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Chicago man gets 55 years for bank robbery

Published: Thursday, March 20, 2014 5:53 p.m. CDT • Updated: Saturday, March 22, 2014 12:41 a.m. CDT
Eric Bernard, 31, of Chicago, was sentenced Thursday to 55 years in prison in connection with the 2009 robbery of Associated Bank in DeKalb.
Jasmen Cunningham, 26, is charged in connection with the November 2009 robbery of Associated Bank in DeKalb.

SYCAMORE – A 31-year-old Chicago man will spend more than two decades in prison for the 51 seconds he and his cousin spent robbing a DeKalb bank in 2009.

Eric Bernard was sentenced Thursday to 55 years in prison for robbing Associated Bank with Michael King, 30, formerly of Chicago. When given credit for good behavior and time served while the case was pending, Bernard is likely to serve about 24 years in prison. Bernard also was ordered to repay the bank the $6,000 he stole.

DeKalb County Presiding Judge Robbin Stuckert ruled a long sentence was necessary to protect society from Bernard's criminal habits. He has been convicted of 13 felonies since 2001, including three armed robberies and a home invasion.

"This history indicates one thing to me quite loudly, and that is that Mr. Bernard is a criminal," Stuckert said.

Stuckert sentenced King to 23 years in prison in 2011, but King's prior criminal history mainly contains drug offenses, according to Illinois Department of Corrections records.

An armed robbery charge remains pending against Bernard's one-time girlfriend, Jasmen Cunningham, 26, who was a Northern Illinois University student when she drove the two men to the area near the bank the day before and the day of the robbery. Cunningham, the mother of one of Bernard's three children, testified against him during his trial last month. Her case is next due in court April 24.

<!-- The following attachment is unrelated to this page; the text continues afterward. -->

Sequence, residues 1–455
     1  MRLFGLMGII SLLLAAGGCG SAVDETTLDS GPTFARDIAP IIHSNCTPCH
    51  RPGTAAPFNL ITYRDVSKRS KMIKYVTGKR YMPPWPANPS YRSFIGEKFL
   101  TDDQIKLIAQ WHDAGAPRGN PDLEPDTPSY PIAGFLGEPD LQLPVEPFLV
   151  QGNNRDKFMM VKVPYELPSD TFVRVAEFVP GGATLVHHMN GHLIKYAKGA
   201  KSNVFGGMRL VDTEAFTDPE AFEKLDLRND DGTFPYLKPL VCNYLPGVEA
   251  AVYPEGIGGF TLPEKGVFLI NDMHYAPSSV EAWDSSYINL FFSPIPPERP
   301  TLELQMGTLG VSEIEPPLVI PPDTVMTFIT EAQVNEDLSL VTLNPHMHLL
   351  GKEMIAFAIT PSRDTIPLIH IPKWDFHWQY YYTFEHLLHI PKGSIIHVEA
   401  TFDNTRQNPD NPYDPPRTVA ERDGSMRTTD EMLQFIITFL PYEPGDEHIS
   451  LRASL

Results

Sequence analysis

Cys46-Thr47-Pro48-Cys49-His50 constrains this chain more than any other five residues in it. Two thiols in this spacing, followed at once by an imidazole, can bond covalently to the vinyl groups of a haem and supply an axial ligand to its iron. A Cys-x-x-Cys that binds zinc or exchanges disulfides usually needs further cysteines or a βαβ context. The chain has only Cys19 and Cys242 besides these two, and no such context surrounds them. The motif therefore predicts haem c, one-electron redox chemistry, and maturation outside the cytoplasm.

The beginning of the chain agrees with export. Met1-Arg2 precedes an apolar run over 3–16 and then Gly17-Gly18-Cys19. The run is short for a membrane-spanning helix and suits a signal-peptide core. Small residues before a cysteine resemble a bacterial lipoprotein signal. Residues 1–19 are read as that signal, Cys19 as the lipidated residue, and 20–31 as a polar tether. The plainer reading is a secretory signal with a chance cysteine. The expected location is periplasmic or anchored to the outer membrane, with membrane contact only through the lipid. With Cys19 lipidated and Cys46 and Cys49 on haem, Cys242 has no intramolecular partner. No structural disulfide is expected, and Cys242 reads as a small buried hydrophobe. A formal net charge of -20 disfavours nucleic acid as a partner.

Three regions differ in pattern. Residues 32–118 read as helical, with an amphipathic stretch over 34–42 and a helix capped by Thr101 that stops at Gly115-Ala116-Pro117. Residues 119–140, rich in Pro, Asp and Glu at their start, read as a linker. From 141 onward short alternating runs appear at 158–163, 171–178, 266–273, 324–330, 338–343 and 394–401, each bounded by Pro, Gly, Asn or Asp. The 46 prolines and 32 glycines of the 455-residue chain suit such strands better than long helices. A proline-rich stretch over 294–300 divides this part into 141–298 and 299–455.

Because of his criminal history and because he carried an assault rifle during the robbery, Bernard faced between 21 and 75 years in prison. First Assistant State's Attorney Duke Harris suggested the maximum sentence, while defense attorney Daniel Transier suggested the minimum.

Harris emphasized Bernard's criminal history, as well as the times in court he made comments about the types of vehicles Stuckert and he drove, which Harris said was an attempt to intimidate and threaten them.

Harris reminded Stuckert about the woman who was cashing checks from her recent wedding when Bernard pointed what looked like an Uzi submachine gun at her. She and other residents have the right to run errands without fear, Harris said.

"There's nothing to suggest this was motivated by anything other than greed," Harris argued.

But Transier emphasized Bernard's violent upbringing; when he was about 8, Bernard saw his father shoot his mother in the head, and a few days later, another man fatally shot his father in Mississippi. After that, he went to live with an aunt and grandmother in Chicago.

"Mr. Bernard needs rehabilitation, and a sentence of 75 years is not rehabilitative, it's retributive," Transier said.

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